1. Leif Ericsson discovers Vineland (Newfoundland- Nova Scotia area).
  2. The Chinese Bridge of the Ten Thousand Ages was completed at Foochow
  3. The Indian mathematician Sridhara recognized the importance of zero - the beginning of modern mathematics, computers and science.

While looking for a suitable wish for New Year, I found John Boyle O'Reilly's thoughtful piece, "What is the Key Word":

Order, said the law court;
Knowledge, said the school,
Truth, said the wise man,
Pleasure, said the fool,
Love, said the maiden,
Beauty, said the page,
Freedom, said the dreamer,
Home, said the sage,
Fame, said the soldier,
Equity, said the seer.
Spake my heart full sadly,
The answer is not here -
KINDNESS is the word!


The Month of Ramadan (meaning "scorcher") is the 9th month of the Islamic lunar year. During the month of Ramadan the devout fast from before dawn to just after dusk. It is a month of Atonement.

The founder of the Islamic faith was Mohammed ibn Abdullah (570-632AD). However, the date for the beginning of the Islamic era is 622AD, the year of Mohammed's flight by Mecca to Medina (Hegira, the Night of the Flight was 16 July 622AD). Since the Islamic year is based on a lunar calendar, their New Year varies and may be celebrated in any month of our year.

The Islamic creed has 5 articles of faith:

  1. Belief in one God, Allah, who rules the world
  2. Belief in Angels, who do Allah's bidding and an equal number of spirits and devils
  3. Belief in the Revealed Books - the Koran which consists of 114 surahs or chapters.
  4. Belief in the Major and Minor Prophets. The major prophets include Adam, Noah, Abraham, Moses and Jesus, but the greatest is Mohammed.
  5. Belief in a Day of Judgment, true believers will go to Heaven

    to these five another was added later, namely:

  6. Predetermination of good and evil, meaning very broadly, what happens, happens because Allah wills it.

In addition, Islam has 5 Pillars of Faith (or duties) which are:

  1. Bear witness that there is but one God
  2. Recite daily prayers (before sunrise, just after noon, late afternoon, just after sunset and 2 hours after that)
  3. Giving of the appointed and legal alms - the "zakat"
  4. Observation of the Month of Ramadan
  5. Make the pilgrimage to Mecca at least once in a lifetime - the Haj. (The wearing of a green turban or fez means the wearer has made this Holy pilgrimage and the title Hadji is given to that person).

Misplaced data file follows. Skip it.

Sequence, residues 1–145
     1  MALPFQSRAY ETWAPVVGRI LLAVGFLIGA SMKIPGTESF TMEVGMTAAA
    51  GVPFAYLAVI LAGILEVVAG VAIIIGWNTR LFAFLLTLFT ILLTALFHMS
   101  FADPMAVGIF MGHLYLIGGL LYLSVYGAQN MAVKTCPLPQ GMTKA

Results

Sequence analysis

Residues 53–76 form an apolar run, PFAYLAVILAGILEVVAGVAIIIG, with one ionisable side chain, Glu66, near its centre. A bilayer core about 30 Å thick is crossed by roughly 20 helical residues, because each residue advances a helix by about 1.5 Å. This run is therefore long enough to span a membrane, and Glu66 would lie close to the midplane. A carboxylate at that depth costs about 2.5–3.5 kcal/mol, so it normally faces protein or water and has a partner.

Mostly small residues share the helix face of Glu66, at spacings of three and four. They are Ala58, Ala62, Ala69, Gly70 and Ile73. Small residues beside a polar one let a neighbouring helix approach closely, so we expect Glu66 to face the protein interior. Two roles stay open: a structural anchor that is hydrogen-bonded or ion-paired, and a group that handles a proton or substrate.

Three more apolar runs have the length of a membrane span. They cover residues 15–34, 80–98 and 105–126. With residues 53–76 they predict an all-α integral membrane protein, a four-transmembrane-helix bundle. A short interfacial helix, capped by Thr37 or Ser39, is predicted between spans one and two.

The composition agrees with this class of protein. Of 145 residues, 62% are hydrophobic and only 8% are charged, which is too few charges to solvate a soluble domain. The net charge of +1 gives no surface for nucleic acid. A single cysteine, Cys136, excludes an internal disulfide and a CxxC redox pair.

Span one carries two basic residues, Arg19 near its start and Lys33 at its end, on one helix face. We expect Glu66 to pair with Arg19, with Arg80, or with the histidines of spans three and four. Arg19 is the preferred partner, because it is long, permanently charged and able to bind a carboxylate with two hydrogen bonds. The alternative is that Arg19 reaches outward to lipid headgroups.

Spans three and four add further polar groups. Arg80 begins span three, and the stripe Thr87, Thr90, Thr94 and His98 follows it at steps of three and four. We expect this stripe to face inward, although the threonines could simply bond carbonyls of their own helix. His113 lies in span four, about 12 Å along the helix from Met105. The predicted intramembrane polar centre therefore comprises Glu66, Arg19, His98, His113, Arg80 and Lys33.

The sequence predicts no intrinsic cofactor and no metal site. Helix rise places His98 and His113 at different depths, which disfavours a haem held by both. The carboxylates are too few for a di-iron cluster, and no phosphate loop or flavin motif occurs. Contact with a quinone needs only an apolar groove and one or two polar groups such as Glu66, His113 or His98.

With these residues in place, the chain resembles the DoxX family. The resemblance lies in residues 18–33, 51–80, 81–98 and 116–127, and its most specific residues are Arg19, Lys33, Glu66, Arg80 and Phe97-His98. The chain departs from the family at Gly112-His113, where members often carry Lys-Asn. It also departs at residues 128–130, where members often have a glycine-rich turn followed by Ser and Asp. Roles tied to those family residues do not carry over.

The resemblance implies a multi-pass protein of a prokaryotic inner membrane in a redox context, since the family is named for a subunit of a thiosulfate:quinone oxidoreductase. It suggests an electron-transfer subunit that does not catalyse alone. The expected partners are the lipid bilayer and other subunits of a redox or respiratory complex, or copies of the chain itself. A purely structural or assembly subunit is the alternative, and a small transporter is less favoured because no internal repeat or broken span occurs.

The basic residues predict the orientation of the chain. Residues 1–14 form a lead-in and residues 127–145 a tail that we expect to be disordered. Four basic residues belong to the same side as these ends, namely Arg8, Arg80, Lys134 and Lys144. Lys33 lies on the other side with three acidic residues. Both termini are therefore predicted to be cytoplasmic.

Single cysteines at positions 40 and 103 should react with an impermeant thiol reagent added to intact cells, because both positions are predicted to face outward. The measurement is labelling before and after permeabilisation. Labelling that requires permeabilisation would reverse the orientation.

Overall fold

Mohammed summed up his teachings as follows: "Allah is the One True God and Mohammed is his Prophet;
Give up idolatry;
Do not steal;
Do not lie;
Do not slander;
Never become intoxicated;
Follow these teachings, and you follow Islam".

Some other main Islamic festivals are:

Festival of Sacrifice
New Year
Birthday of the Prophet
Ascension of the Prophet
The Month of Ramadan


In late January of early February is the Setsubun (scattering of the beans) Festival. This is the traditional beginning of Spring, based on the old lunar calendar New Year.

My interest in Japanese festivals began as a preteenager, when I was given Etsu Inagaki Sugimoto's books, Daughter of the Samurai (Gentleman); Daughter of the Narikin (Merchant) and Daughter of the Nohfu (Farmer). Although written in the 1930s, I still enjoy dipping into them.

Many of the festivals in Japan incorporate attributes of the three teachings of Shintoism, Buddhism and Confucianism. It has been said that Shintoism gives a love of Nature, Buddhism a love of Art and Beauty and Confucianism a love of Learning.

The oldest of the three teachings is Shintoism, which is sometimes thought of, as the way of the Kami, the infinite ones. The ancient books in the Shinto temples often include, the Kojiki (Records of the Ancients), the Nihongi (Chronicles of Japan) and the more "recent" Yengihiki (Hymns and Prayers).

The rules of conduct for the Samurai were based on the ten main Confucian ideals for gentlemen (called the Bushido), namely, that they should love Justice; have Courage; be Benevolent; always be Polite; be Honorable; be Loyal; have Self-Control; search for Wisdom and Love Learning.

The form of Buddhism practiced in Japan is mainly that of Zen Buddhism, which has been greatly influenced by Shintoism. The Zen Buddhists believe that one cannot learn the truth just from books. The truth is in each of us and to discover it, we must live simply and strive to do all things with dignity and beauty. We need to accept both success and adversity and seek enlightenment through intuition and solutions to life's problems through deep thought which are stated in sayings which appear often to be mystical conundrums.

In addition to National holidays, many local traditional festivals are celebrated. Below are listed some of the major Festivals.

Shogatsu (Official New Year's Day)